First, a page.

When you think about branding, I’m not sure what comes to mind. For many years, I thought branding was one of those “corporate” marketing concepts that had nothing to do with my small business.
And I was wrong. Branding is absolutely essential. If you’re a business owner, you are your brand. Everything you do and everything you say, connects to that brand. Both good and bad – even if you just made recently registered with the state.
It may be conceptual, but it can directly impact your bottom line. And to put things into perspective about branding, there is no better example than Google.
Google, founded in 1998, quickly became one of the most popular global brands. To “google” or “googling” is now an official verb according to Dictionary.com.
We all know that if we want to look up a person, event, company, etc. that we would “google” it. It is said that marketer’s learned how to brand products from Coke in the 80’s and Apple in the 90’s and Google after 2000. Google did not use traditional branding methods, rather they created their brand by technology and innovation.
From their unofficial slogan of “You can make money without doing evil” to their logo that adapts for holidays and special events, Google has created their brand by personal inspiration.
Category of One is a branding strategy that refers to a market that is overcrowded and is extremely difficult to break into. Rather than being one in the crowd, a Category of One brand creates its own new category.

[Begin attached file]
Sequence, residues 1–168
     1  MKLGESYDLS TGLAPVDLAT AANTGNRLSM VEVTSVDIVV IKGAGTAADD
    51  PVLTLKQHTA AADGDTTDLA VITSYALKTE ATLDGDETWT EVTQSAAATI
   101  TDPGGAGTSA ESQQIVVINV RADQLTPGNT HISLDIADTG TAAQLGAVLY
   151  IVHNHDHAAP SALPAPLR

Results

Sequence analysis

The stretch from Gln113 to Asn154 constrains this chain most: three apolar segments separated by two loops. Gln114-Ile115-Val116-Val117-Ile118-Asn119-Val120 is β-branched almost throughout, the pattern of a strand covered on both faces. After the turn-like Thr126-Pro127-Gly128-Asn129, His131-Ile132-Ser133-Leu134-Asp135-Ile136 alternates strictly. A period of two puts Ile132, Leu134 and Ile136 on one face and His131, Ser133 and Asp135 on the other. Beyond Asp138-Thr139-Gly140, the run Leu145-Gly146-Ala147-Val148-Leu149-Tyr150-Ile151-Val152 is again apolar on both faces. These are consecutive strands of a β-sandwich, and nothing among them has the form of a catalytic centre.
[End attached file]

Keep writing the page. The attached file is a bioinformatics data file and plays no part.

This creates the brand as the only option within the category. The companies that achieve a Category of One branding tend to be extremely successful. Google is a perfect example of Category of One branding. There are other search engines, but none really compare to the overall Google brand.
However, becoming a Category of One has absolutely nothing to do with being a self-employed business owner. Just because you are “one” does not mean that you automatically create a unique brand.
Every Category of One company excels at following and living three essential rules:
The term Purple Cow is not something that I coined. That phrase is straight from the brilliant and innovative author & marketer, Seth Godin. But the following is exactly what you need to understand if you want to become a Category of One.
From Purple Cow: Cows, after you’ve seen one or two or ten, are boring. A Purple Cow, though…now that would be something. Godin defines a Purple Cow as anything phenomenal, counterintuitive, exciting…remarkable.
Every day, consumers ignore a lot of brown cows, but you can bet they won’t ignore a Purple Cow. You can’t paint your product or service purple after the fact. You have to be inherently purple or no one will talk about you. Godin urges you to emulate companies that are consistently remarkable in everything they do, which drives explosive word of mouth.
I’m small business owner too, and I honestly didn’t believe branding had anything to do with my business. But think about other business owners you know. What’s your perception of them?
Your perception of them is their brand.
Whether or not you realize it or believe it, you already have a brand. Learning how to manage your brand or how to build your brand is better than denying it exists. I know it’s an abstract topic. But it’s a topic you can be proactive about.